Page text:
Risk factors for meningitis in neurosurgical patients with cerebrospinal fluid drains: prospective observational cohort study



Cerebrospinal fluid (CSF) drainage or intracranial pressure (ICP) monitoring devices are life-saving devices. We examined the risk factors for infections related to them and assessed the effect of an infection control (IC) intervention.


A prospective observational study was conducted in the Neurosurgical Department of our hospital between 2014 and 2017. We included all consecutive patients undergoing CSF catheter insertions, including external ventricular drainage (EVD), lumbar drainage (LD), and ICP catheters. An IC intervention was implemented between March and August 2016. We examined risk factors for meningitis or ventriculitis, defined according to Healthcare-associated infections surveillance definitions, on univariate and multivariate analysis.


A total of 232 patients with 437 drains (212 EVDs, 92 LDs, and 133 ICPs) were included. On univariate and multivariate analysis, the infection incidence was 13.7 per 1000 drain days (17.3/1000 before IC intervention, 7.9/1000 during, and 9.2/1000 after the intervention). Most episodes were caused by Gram-negative bacteria, and the most common pathogen was Acinetobacter baumanii. Risk factors for infection per patient included diabetes mellitus (p = 0.017), CSF leak (p = 0.032), drain opening (p = 0.027), and the duration of the drain in days (p = 0.035). Risk factors per catheter included drain opening (p < 0.001), drain days (p = 0.001), and the IC intervention period compared to before the intervention period (p = 0.037). When restricting the analysis to EVDs, drain days (p = 0.001) was the only significant risk factor.


Strict adherence to IC, shortening drain duration, and avoiding unnecessary opening and manipulation of the drains are crucial to preventing neurosurgical drain infections.


Devices such as external ventricular drain (EVD), intracranial pressure (ICP), and lumbar drain (LD) are crucial for the management of elevated ICP, hemorrhage, and monitoring in neurosurgical patients [18]. These devices, while lifesaving, also carry significant complications, including hemorrhage, misplacement, blockage and, most significantly, infections. EVD-related infections may arise from catheter colonization by inoculation of skin flora during insertion or from the manipulation of the drainage system during the postoperative period [34].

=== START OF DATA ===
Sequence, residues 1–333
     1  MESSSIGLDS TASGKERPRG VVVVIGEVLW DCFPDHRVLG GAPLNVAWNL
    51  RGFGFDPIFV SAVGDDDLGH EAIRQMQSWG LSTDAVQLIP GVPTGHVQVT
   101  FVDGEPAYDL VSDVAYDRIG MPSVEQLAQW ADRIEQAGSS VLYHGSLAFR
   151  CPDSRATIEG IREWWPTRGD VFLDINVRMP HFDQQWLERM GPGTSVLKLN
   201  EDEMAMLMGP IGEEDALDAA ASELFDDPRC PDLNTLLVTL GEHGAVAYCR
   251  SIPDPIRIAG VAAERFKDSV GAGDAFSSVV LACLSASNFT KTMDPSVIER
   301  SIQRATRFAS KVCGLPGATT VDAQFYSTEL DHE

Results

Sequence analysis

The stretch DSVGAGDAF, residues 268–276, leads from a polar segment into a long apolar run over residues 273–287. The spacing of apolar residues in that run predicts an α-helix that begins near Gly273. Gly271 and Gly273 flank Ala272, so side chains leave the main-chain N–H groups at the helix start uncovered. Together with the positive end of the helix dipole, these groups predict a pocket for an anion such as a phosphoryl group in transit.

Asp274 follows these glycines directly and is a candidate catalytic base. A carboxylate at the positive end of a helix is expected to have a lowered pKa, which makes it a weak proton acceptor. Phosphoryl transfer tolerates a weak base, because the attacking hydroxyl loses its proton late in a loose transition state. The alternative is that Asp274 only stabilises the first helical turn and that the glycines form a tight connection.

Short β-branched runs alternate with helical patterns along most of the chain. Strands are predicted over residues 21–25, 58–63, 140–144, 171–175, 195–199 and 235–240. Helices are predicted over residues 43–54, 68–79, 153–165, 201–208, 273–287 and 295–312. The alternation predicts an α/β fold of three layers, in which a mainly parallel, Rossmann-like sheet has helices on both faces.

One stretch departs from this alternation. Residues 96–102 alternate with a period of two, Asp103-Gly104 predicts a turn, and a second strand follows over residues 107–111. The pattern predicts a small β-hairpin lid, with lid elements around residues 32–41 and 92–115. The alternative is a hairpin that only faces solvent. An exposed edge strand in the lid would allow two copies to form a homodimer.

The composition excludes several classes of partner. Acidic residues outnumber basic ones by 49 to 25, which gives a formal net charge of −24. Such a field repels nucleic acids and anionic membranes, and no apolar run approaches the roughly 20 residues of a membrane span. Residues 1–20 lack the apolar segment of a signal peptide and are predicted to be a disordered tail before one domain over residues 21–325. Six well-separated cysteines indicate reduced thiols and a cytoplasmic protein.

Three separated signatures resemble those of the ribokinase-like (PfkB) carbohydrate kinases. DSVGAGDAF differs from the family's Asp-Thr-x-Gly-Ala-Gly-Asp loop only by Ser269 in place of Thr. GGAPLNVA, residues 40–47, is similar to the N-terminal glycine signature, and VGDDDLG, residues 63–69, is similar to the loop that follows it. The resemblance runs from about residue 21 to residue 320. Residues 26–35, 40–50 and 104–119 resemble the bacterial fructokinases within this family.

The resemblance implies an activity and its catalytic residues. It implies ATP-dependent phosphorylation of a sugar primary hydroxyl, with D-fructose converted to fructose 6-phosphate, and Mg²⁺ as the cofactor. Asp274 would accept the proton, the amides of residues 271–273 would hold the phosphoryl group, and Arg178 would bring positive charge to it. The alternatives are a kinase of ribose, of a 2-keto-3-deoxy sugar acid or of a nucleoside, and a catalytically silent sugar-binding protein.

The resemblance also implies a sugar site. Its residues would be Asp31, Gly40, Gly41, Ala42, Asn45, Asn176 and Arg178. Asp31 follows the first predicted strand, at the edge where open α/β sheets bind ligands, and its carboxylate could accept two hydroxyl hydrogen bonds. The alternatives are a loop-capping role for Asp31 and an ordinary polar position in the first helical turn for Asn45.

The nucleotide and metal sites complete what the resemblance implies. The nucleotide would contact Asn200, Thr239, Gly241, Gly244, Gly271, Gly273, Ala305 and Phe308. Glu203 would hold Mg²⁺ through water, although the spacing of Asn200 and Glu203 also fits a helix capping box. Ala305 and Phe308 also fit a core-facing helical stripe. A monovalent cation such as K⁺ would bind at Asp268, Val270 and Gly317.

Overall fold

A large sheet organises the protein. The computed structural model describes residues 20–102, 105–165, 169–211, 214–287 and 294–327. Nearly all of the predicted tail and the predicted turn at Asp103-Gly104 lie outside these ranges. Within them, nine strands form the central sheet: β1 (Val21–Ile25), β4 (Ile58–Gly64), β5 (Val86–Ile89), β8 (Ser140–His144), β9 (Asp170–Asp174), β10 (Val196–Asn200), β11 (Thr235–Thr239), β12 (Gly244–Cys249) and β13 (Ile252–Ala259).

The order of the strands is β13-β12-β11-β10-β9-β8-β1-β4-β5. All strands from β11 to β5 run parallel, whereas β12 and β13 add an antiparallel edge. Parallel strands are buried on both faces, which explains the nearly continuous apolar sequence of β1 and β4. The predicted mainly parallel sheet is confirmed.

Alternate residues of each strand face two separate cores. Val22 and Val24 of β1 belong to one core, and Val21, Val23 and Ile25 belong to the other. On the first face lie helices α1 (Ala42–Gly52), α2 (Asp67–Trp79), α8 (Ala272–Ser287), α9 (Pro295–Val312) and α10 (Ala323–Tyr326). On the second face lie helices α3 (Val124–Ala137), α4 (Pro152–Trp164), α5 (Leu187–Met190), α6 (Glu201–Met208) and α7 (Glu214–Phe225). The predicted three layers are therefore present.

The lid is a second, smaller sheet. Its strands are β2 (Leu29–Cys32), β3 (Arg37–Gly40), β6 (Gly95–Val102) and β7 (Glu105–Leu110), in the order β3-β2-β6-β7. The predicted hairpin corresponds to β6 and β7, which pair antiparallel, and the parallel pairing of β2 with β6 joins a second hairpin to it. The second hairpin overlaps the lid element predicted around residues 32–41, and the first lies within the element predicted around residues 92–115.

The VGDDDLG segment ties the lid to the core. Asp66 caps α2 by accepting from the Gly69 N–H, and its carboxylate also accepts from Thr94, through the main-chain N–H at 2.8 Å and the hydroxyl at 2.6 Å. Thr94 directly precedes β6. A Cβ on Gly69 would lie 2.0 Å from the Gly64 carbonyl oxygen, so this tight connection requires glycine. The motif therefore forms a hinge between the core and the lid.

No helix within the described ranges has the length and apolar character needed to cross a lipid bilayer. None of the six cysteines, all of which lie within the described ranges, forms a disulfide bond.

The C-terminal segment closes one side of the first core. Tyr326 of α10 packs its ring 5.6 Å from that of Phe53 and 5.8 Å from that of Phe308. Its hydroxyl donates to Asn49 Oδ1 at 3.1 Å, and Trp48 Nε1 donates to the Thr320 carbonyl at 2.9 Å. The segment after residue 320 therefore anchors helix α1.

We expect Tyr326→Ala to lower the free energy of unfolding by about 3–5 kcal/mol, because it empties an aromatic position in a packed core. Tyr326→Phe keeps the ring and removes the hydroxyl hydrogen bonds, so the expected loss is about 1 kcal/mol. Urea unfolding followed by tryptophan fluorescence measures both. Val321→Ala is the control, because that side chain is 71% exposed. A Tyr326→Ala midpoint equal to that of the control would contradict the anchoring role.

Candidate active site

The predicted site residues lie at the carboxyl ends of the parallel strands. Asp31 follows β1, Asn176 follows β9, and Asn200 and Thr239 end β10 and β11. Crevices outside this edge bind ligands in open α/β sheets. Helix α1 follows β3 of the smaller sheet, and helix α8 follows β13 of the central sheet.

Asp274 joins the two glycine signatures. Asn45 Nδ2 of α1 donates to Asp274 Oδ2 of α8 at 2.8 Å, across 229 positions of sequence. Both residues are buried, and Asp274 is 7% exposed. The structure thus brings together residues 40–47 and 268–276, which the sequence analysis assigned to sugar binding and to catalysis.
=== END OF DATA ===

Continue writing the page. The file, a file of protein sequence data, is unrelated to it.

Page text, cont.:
The estimated ventriculostomy-related infection incidence rates range between 0 and 27% [9, 12, 22, 26, 28], the wide range being both real and artefactual due to differences in infection definitions. A few previous studies have addressed LD-related infection and rates ranging from 3 to 10% [28, 29]. Device-related infections present typically as meningitis caused by pathogens common to other post-neurosurgical meningitis [31] and infrequently as other central nervous system (CNS) infections. These infections are associated with high rates of morbidity and mortality, significantly prolonging hospital stay, increasing costs, and often negatively affecting the overall prognosis [20, 23, 34].

The aims of our study were to examine the risk factors for central nervous system (CNS) infections among patients with CSF drains by type of drain (EVD, ICP, LD) and to assess the effects on an infection control intervention targeting improved management of CSF drains.


Design and study participants

We conducted a prospective observational cohort study including all consecutive adult patients undergoing insertion of EVD, ICP monitor, and LD in the neurosurgical intensive care unit (ICU) at Rambam Health Care Campus between October 2014 and June 2017. The hospital serves as a primary and referral center for the north of Israel. The Neurosurgery Department at Rambam has 1630 admissions and 1240 surgical procedures yearly, with 12 ICU beds. Follow-up started at the time of catheter insertion and continued until discharge from the neurosurgical ICU or death.